Skip to main content

Janelle Monáe The Electric Lady (Sept. 10)

You like purple? Janelle Monáe likes purple. The neo-soulster's sophomore effort is apparently funkier than her eclectic and stylish debut, with purple-hazy Hendrix inspirations and guest spots from all-stars up to and including Prince, the genius whose favourite colour of rain is well known. Sure, let's go crazy.

MGMT MGMT (Sept. 17)

In a world of LOLs and BTWs, the band name MGMT might be considered fashionable. Indeed, these synthy psychedelians are cutting edge. The band recently told Rolling Stone they "are not trying to make music that everyone understands the first time they hear it." In other words, expect some SMHs when the album drops in September.

Drake Nothing Was The Same (Sept. 24)

"When I play it for people, they ask 'who's that rapping?' I'm like, 'That's me.'" So, the new one from the MVP emcee is by Drake, featuring Drake. This guy's in his own Rolodex, and his taste – the album includes contributions from Jay Z and Chilly Gonzalez – is impeccable.

Kings of Leon Mechanical Bull (Sept. 24)

After a period of tumult, the Tennessee four-piece gets right back on the horse, or, in this case, the Mechanical Bull. Recorded in a studio the band built in Nashville, the album includes the anthemic rocker Comeback Story, which, in a way, is still being written.

Basia Bulat Tall Tall Shadow (Oct. 1)

Partly recorded in the reverberating Royal Canadian Legion's dance hall in Toronto, the album was co-produced by Mark Lawson, the Grammy Award-winner who engineered Arcade Fire's The Suburbs. Arcade Fire, from the Ontario songstress? "This time around, I felt braver," says Bulat. "I wanted to play with electric and electronic sounds, exploring the boundaries of the folk music some people know me for."

The Deep Dark Woods Jubilee (Oct. 1)

"It sounds more like 'us' than any record we've made so far," says Lucas Goetz, of the Saskatoon alt-country crew The Deep Dark Woods. The new album is a celebration of the band's eight-year history – a long time for an outfit to arrive at their signature sound. "Semblances of our various influences rear their heads all over the place of course, whether that be Howlin' Wolf, Grateful Dead, Neil Young, the Byrds or the Band," explains the singer and pedal-steel player, about a record literally made in the deep dark woods (in a cabin in Bragg Creek, Alta.).

Paul McCartney Untitled (Oct. 15)

Listen to what the man said: "I think you're going to like this one." The still mop-toppy star's first solo album of original material since 2007's Memory Almost Full was made with a little help from friends Paul Epworth and Mark Ronson, known for their affiliations with Adele and Amy Winehouse, respectively. The snippet of a track called New was released this week; it's a trip down Penny Lane, and it's something Beatles fans will indeed like.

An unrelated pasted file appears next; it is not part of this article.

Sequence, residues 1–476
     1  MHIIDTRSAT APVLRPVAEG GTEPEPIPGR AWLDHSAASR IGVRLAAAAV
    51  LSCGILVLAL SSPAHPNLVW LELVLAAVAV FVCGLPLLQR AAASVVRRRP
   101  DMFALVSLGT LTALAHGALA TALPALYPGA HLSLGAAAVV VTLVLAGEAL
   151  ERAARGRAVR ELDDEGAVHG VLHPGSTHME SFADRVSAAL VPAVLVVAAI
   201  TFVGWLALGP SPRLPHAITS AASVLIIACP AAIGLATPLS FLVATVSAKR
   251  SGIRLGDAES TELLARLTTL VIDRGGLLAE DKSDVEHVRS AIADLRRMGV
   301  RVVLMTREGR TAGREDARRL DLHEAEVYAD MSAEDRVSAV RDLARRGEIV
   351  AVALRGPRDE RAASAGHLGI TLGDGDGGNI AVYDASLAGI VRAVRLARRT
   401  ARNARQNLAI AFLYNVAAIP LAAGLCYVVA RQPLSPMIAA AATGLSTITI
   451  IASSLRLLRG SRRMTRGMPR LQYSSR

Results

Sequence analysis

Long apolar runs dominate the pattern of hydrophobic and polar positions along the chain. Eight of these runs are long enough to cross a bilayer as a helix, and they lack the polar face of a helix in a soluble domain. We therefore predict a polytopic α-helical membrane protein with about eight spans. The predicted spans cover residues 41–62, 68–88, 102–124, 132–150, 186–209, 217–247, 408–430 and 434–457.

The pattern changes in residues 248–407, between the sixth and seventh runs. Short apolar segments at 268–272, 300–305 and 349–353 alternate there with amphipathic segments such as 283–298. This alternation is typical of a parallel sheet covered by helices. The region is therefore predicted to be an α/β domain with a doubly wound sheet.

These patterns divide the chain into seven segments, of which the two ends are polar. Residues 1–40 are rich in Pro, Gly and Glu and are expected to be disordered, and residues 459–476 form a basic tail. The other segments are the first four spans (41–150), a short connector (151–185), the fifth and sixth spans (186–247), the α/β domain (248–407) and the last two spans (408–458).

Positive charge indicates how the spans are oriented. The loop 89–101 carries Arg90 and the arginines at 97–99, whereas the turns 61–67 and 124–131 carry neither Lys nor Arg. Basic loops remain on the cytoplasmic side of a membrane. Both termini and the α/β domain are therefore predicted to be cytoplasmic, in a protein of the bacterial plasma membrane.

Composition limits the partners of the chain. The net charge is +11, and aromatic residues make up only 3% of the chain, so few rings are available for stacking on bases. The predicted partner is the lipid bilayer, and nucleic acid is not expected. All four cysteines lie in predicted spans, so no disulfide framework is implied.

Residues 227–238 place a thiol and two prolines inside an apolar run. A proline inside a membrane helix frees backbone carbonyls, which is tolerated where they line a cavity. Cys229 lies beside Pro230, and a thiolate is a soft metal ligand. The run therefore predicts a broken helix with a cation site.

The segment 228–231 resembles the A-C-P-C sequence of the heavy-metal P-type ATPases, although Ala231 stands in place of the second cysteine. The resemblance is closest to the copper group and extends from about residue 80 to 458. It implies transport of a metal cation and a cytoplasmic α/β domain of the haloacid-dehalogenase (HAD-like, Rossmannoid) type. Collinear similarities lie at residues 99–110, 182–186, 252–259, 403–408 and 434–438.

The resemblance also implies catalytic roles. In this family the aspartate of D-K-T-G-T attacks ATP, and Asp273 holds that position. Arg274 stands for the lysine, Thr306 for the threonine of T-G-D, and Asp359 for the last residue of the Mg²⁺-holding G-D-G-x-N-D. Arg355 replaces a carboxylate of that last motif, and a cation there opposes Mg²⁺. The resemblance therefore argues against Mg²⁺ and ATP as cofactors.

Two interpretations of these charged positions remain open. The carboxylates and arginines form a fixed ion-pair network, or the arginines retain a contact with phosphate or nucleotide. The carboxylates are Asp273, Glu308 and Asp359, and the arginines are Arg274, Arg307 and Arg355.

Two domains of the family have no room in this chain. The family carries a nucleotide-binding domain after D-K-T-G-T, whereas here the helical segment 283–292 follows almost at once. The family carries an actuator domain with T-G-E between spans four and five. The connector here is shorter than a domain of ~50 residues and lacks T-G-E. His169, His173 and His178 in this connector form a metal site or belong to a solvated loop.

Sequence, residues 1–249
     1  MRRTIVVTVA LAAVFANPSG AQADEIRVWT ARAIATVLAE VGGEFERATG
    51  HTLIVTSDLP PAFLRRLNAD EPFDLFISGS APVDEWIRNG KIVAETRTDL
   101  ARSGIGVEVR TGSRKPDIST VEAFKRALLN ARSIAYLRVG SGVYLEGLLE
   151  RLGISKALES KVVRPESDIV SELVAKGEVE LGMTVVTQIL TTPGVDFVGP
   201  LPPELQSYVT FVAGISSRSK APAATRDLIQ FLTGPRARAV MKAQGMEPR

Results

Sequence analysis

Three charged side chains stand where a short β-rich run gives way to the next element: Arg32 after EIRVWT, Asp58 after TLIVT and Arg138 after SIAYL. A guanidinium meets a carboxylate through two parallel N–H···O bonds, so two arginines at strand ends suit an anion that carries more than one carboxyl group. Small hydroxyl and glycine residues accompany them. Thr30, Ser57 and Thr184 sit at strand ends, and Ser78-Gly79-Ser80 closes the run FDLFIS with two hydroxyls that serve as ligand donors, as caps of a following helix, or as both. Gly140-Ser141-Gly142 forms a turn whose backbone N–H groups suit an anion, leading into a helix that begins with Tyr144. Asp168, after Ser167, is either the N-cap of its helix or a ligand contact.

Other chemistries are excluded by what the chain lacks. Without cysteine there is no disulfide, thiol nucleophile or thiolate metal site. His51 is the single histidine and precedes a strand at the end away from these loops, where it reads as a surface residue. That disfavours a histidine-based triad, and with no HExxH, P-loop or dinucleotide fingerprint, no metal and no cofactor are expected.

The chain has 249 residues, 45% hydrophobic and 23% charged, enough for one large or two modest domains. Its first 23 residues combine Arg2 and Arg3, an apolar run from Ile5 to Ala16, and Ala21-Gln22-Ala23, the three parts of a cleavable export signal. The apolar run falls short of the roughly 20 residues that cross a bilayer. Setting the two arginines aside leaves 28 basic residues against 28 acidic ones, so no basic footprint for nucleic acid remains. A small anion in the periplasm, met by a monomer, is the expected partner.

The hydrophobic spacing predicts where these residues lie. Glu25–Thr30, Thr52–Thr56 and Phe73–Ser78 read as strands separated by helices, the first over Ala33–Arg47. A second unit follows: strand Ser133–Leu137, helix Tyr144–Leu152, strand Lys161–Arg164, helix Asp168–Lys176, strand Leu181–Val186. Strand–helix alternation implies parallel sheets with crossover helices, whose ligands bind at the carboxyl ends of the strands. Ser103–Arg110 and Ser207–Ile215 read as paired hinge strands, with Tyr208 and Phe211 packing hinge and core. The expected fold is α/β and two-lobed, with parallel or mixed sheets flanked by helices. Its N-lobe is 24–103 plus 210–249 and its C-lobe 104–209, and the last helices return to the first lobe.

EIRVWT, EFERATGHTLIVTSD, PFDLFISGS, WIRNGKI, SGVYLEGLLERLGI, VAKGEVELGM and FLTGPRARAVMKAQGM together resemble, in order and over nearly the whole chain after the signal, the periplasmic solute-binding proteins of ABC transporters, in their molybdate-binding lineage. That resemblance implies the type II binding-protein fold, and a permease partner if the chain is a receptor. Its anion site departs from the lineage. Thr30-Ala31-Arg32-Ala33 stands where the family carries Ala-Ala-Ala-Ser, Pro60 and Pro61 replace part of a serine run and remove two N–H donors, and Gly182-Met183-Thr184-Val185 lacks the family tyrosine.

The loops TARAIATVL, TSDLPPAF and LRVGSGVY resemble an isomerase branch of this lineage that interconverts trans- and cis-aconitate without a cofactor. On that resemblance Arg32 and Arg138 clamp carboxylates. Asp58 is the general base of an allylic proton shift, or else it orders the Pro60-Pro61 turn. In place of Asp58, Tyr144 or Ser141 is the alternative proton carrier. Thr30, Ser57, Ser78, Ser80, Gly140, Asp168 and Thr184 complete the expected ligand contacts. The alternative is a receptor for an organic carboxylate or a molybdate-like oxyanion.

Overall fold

Pearl Jam Lightning Bolt (Oct. 15)

If the lead single Mind Your Manners is any indication, the Seattle grunge heroes' 10th album will be a brooding, racing and muscular affair. Look for cover: Eddie Vedder and company are throwing the electric again.

Katy Perry Prism (Oct. 22)

On her latest single, the California pop confection declares that she has the eye of a tiger and the roar of a lion. That tune (Roar) faced competition from Lady Gaga, who rushed her own single out a week early for the head-to-head. So, yeah, it's a jungle out there. Perry has promised a mature effort for her third LP, but Teenage Dream producers Dr. Luke and Max Martin co-wrote Roar, so don't expect Joni Mitchell's Blue or anything.

Arcade Fire Reflektor (unconfirmed) Oct. 29

The former LCD Soundsystem maestro James Murphy, who helped produce the Montreal big-music specialists' fourth album, told NME that the band's fourth record "sounds like Arcade Fire in the way that only Arcade Fire sound like Arcade Fire, you know?" Hey, James, how about telling us something we don't know? A recent graffiti art campaign has suggested that all (or least some) will be revealed on Sept. 9.

Eminem The Marshall Mathers LP 2 (Nov. 5)

First Miley Cyrus's twerk, and now the real Slim Shady's Berzerk. During Sunday's MTV VMA broadcast, the returning rapper announced news of his forthcoming album, produced executively by Dr. Dre and Rick Rubin. One day later came the release of the single Berzerk, a wacky-punchy thing that channels Beastie Boys and heavily samples Billy Squier's The Stroke.

Lady Gaga Artpop (Nov. 11):

On the liner notes to one of its mid-sixties albums, the Rolling Stones told people to "cast deep in your pockets for the loot to buy this disc of groovies and fancy words." That's old school. A trailer video for Lady Gaga's fourth album declares that she is "no longer relevant," and instructs viewers not to buy her dance-y Applause single on iTunes. This pop charlatan is impossible to overlook, but it's likely her commands will be ignored. Big sales, guaranteed.